Don’t expect your license tabs to go down to $30 any time soon.
A ballot measure to lower car tab fees and some other taxes for vehicles is unconstitutional, the Washington Supreme Court said Thursday.
The proposal contained too many subjects and was not accurately described in the ballot title, a majority of the unanimous court said.
The ballot measure, which passed with support from 53% of the voters last November, calls for reducing most vehicle taxes and fees. A group of local governments and transit agencies sued, contending the proposal was misleading because the $30 tabs it promotes won’t exist and was an example of illegal “logrolling” by including more than one topic.
But supporters said voters knew what they were doing and the reductions should take effect.
The reduction in taxes and fees, which would have taken effect last December when the election was certified, was put on hold as the challenge worked its way through the courts.
Under the state Constitution, an initiative title must give voters a clear idea of what the measure contains and what it will do, and must stick to a single topic. I-976 didn’t do that, the main opinion written by Justice Steven Gonzalez said.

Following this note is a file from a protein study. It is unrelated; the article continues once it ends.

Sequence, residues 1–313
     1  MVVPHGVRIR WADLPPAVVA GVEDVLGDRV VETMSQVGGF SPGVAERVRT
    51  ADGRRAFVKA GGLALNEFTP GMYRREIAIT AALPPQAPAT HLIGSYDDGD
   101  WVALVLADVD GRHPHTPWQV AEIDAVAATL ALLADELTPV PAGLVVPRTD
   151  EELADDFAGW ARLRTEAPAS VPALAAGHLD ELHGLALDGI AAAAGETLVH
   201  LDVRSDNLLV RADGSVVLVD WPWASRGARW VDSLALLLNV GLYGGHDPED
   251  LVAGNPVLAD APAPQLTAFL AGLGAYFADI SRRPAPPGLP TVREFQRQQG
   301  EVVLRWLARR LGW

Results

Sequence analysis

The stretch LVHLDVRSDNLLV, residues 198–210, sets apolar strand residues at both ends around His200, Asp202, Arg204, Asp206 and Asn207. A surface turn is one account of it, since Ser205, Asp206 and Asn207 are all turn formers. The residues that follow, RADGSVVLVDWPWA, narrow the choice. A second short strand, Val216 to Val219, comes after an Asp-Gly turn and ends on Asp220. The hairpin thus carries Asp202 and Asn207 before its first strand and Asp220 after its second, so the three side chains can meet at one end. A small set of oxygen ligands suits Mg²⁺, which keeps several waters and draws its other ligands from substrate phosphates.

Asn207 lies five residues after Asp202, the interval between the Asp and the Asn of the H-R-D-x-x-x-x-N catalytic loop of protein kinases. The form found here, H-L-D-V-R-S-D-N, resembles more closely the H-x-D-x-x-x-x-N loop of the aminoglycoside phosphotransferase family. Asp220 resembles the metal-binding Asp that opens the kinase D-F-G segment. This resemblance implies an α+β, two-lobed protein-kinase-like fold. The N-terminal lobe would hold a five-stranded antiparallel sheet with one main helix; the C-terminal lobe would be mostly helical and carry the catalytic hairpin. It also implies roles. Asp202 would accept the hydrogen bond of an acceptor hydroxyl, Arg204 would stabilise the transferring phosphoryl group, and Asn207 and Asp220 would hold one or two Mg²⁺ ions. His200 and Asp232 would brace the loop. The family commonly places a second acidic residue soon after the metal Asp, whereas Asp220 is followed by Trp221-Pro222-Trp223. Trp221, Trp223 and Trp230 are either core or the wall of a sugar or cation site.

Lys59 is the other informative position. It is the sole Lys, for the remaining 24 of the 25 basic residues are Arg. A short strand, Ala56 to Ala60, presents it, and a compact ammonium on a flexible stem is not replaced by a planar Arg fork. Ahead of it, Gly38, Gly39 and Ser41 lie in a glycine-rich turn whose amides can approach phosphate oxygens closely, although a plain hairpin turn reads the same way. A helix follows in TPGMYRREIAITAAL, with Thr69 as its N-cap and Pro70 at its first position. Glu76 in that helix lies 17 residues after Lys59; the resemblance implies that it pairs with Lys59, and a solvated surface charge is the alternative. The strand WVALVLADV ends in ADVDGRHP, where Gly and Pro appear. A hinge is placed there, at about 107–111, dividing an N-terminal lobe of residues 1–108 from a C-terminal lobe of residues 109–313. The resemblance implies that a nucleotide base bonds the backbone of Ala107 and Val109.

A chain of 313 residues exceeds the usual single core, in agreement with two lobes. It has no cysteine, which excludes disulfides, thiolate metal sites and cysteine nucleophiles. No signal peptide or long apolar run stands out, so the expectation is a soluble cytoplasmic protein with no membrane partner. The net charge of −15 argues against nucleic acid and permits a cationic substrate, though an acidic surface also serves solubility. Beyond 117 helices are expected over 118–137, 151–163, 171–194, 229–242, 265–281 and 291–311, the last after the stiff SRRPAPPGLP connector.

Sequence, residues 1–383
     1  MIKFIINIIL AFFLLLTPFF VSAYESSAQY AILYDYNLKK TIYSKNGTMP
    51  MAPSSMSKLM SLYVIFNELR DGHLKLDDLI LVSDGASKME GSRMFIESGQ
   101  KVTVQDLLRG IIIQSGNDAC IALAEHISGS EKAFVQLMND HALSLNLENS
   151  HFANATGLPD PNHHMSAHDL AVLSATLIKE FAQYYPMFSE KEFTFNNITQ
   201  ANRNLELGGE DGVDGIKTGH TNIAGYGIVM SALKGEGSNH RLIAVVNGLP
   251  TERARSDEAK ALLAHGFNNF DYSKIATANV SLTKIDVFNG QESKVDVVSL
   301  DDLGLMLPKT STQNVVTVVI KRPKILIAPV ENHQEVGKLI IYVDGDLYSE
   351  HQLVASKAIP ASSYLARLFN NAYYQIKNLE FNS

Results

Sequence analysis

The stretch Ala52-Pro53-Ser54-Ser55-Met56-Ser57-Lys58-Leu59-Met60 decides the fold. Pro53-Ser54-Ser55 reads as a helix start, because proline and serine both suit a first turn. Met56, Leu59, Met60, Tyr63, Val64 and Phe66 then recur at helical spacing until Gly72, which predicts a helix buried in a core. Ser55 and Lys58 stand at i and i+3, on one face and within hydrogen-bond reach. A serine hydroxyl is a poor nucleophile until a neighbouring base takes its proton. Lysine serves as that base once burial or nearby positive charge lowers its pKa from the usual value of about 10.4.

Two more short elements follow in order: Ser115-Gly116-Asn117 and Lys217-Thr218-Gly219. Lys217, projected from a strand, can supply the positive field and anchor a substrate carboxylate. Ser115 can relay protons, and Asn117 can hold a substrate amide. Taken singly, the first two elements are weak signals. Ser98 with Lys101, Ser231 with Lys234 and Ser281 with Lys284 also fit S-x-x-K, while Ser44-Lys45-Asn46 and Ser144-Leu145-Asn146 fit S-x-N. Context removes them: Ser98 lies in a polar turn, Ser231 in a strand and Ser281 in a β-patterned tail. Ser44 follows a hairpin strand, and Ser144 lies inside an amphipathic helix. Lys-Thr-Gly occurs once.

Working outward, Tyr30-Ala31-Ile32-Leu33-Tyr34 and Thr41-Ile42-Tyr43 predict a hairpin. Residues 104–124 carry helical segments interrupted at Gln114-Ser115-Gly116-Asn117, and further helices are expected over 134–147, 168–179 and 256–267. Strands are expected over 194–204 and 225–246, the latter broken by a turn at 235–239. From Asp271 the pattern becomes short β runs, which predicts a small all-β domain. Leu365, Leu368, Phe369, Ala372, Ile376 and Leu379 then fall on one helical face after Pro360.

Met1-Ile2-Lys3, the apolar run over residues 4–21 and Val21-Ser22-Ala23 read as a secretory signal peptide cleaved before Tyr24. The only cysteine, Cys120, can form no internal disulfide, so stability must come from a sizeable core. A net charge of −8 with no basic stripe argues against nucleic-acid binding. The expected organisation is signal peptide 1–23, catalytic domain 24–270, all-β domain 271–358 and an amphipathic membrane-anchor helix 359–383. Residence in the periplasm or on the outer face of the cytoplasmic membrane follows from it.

The title described “limiting vehicle taxes and fees.” While that’s a general title, which allows some related subjects to be joined, one section deals with requiring Sound Transit to retire or refinance bonds for its system. That “is an unconstitutional second subject,” Gonzalez wrote.
Tim Eyman, who drafted the initiative and has sponsored numerous ballot measures over the past two decades, claimed he was following the directions the court handed down on one of his previous initiatives.
“I was following the road map,” he said during a hastily called news conference on the steps of the Supreme Court building. “The only way you can get rid of the tax is to get rid of the bonds.”